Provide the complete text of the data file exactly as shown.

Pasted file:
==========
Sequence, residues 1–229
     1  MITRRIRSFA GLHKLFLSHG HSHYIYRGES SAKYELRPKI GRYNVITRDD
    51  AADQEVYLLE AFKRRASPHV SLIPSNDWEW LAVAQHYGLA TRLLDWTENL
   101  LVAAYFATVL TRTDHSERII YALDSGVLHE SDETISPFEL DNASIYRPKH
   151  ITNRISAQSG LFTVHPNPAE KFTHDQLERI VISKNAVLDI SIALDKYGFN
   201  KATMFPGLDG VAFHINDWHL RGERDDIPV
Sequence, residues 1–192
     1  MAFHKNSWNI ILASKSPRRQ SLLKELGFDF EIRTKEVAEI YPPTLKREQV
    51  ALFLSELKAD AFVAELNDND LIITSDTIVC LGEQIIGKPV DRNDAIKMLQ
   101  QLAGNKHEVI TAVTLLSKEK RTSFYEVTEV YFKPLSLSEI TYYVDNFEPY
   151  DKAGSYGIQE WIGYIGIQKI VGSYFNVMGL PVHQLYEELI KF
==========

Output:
Sequence, residues 1–229
     1  MITRRIRSFA GLHKLFLSHG HSHYIYRGES SAKYELRPKI GRYNVITRDD
    51  AADQEVYLLE AFKRRASPHV SLIPSNDWEW LAVAQHYGLA TRLLDWTENL
   101  LVAAYFATVL TRTDHSERII YALDSGVLHE SDETISPFEL DNASIYRPKH
   151  ITNRISAQSG LFTVHPNPAE KFTHDQLERI VISKNAVLDI SIALDKYGFN
   201  KATMFPGLDG VAFHINDWHL RGERDDIPV
Sequence, residues 1–192
     1  MAFHKNSWNI ILASKSPRRQ SLLKELGFDF EIRTKEVAEI YPPTLKREQV
    51  ALFLSELKAD AFVAELNDND LIITSDTIVC LGEQIIGKPV DRNDAIKMLQ
   101  QLAGNKHEVI TAVTLLSKEK RTSFYEVTEV YFKPLSLSEI TYYVDNFEPY
   151  DKAGSYGIQE WIGYIGIQKI VGSYFNVMGL PVHQLYEELI KF